Shooting Snowdonia

We caught up with photographer Colin Nicholls to ask how he found shooting the wild uplands and abandoned slate quarries of northwest Wales

Colin Nicholls doing what he does best.

Colin Nicholls doing what he does best.

How did you find shooting the Snowdonian landscape? And how did this compare with shooting East Anglia for issue 7?

I am a big fan of Snowdonia, so to get to head there on a press trip was a real treat. I found it very different to East Anglia, much more walking up mountains and hills, and a much rougher landscape altogether. As expected for Snowdonia, we encountered some wet weather, so my weather-sealed cameras came in very useful. I enjoyed visiting both places but seeing and climbing mountains is something that always excites me.

What were the highlights of the trip for you?

Definitely going back to the Dinorwic slate quarry. I first visited there a few years back and loved seeing the abandoned slate workings that overlook Snowdon itself. To explore the remains of a Goliath of an industry – it really is like stepping back in time. We also had incredible weather up there with the light painting the landscape, and we were met along the way by some wild goats, one of which features on the cover!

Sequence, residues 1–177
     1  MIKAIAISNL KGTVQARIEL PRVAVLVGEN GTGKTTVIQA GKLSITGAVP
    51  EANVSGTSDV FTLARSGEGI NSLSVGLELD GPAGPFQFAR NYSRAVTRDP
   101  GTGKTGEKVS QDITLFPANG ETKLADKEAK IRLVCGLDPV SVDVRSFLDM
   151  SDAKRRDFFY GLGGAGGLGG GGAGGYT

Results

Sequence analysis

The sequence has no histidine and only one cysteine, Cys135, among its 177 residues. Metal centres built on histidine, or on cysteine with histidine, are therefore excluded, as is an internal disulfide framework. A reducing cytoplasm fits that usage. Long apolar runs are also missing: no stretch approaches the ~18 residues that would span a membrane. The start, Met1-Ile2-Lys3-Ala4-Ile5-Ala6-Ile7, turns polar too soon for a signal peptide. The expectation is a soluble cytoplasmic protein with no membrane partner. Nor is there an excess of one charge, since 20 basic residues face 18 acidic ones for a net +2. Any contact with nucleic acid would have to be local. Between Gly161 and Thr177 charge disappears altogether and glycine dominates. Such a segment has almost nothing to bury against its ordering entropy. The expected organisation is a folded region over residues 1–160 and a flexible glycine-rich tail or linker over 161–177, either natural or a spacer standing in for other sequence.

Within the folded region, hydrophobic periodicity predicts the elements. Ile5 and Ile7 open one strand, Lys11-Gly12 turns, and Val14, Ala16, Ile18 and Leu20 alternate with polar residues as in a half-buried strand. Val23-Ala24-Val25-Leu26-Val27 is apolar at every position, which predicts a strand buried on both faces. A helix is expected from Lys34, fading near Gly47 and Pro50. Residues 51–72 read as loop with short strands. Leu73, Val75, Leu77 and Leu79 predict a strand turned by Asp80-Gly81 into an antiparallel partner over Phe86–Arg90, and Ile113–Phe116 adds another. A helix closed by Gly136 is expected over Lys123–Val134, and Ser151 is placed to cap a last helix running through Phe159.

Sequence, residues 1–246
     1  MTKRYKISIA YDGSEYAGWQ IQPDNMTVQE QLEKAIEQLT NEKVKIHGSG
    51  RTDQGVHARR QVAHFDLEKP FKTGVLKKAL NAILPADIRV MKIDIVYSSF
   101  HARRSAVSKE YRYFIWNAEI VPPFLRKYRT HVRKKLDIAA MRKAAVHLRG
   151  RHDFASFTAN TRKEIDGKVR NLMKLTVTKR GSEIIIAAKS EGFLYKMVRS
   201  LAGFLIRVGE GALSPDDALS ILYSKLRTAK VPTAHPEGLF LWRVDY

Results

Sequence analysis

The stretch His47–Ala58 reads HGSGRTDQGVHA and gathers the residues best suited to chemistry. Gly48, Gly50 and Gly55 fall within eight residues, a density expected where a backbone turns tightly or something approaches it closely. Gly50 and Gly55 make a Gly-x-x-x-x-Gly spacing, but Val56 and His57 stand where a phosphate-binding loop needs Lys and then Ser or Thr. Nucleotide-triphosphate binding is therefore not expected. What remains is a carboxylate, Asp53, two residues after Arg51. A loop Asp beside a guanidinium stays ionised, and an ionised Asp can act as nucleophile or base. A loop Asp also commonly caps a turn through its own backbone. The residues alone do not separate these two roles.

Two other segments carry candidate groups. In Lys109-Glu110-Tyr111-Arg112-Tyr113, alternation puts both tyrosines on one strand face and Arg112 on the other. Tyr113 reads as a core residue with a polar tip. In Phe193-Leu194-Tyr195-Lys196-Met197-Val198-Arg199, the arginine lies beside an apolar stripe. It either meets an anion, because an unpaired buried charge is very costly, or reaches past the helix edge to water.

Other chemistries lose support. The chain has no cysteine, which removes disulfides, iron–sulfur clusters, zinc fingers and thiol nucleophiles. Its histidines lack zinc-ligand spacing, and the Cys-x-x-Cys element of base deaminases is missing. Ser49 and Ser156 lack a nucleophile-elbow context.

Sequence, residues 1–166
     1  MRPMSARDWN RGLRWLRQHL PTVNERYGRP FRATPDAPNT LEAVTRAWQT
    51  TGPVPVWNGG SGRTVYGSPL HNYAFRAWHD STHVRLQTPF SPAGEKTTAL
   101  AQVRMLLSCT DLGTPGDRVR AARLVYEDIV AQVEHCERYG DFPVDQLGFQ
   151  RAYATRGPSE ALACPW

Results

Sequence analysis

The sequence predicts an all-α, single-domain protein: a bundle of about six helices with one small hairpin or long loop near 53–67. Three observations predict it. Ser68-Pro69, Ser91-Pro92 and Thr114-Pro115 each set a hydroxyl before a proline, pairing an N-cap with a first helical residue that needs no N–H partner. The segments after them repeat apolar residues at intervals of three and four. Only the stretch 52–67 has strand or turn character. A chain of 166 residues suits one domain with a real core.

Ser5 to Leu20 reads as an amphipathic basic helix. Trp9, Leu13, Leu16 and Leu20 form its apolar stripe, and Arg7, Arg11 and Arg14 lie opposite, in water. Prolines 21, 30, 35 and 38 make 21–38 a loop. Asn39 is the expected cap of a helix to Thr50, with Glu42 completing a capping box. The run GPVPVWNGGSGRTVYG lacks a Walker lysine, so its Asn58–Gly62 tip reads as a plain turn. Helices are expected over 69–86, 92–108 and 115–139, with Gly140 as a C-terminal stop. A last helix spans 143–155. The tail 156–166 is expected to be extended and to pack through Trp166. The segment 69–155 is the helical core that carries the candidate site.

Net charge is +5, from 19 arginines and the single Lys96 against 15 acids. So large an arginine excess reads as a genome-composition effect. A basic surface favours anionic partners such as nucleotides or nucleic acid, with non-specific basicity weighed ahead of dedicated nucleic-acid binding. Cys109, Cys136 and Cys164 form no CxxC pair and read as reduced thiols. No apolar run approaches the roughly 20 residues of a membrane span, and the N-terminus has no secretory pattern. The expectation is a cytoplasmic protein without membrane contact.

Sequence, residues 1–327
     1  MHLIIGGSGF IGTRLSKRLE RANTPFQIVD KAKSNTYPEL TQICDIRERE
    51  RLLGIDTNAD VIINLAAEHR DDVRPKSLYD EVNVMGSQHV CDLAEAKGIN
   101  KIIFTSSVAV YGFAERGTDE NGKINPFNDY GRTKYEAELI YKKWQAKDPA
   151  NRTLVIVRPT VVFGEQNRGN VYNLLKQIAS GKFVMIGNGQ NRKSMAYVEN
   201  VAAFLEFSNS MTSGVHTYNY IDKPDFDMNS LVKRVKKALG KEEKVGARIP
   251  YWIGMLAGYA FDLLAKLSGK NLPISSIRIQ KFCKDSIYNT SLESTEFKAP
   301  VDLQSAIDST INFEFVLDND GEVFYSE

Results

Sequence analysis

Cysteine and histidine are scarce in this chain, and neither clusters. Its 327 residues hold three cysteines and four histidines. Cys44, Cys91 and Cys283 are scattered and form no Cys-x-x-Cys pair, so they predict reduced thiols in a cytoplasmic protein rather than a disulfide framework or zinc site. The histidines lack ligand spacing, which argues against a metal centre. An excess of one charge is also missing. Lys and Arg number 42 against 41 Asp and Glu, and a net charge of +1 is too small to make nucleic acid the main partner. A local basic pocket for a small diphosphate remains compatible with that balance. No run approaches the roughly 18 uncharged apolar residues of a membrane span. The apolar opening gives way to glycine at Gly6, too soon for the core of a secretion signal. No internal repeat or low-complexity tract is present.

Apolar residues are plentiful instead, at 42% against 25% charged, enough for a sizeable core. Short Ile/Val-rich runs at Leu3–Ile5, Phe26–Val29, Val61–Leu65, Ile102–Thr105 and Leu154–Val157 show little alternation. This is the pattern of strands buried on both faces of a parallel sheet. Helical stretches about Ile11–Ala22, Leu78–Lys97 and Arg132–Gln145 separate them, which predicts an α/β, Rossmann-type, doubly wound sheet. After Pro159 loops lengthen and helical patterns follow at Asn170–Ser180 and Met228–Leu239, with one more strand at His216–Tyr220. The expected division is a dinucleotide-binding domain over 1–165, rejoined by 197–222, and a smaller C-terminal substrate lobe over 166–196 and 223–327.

Any low points?

I’m pretty easy going so it takes a lot to dampen my spirits, however the first night we camped the wind was howling and I got about two hours sleep. Safe to say the next day was a struggle but it was all good fun.

Where would you most like to photograph next and why?

I think for the first couple of months of the year I’ll explore my local area of Herefordshire. There’s so much around here that’s overlooked in favour of the ‘bigger’ and more well-known places to visit, and with photography being so much about light it’s nice to know that if it’s going to be a good day I can head out somewhere close for a quick and successful trip.

You're a frequent visitor to Iceland, aren't you? What draws you back again and again?

That I am! 2018 saw my fourth trip to Iceland, where I drove solo around the country, camping along the way. It was incredible! At the time Iceland was having the worst summer for 100 years, but I was lucky and the weather turned and I had some crisp, clear days and got the opportunity to take photos that make me very happy. I shot a fair bit of video, too. Overall the trip was one of the most content times of my life. I keep getting drawn back to the country’s endless beauty, epic landscapes and sparse population – it’s a place I’ll continue to visit for the rest of my life.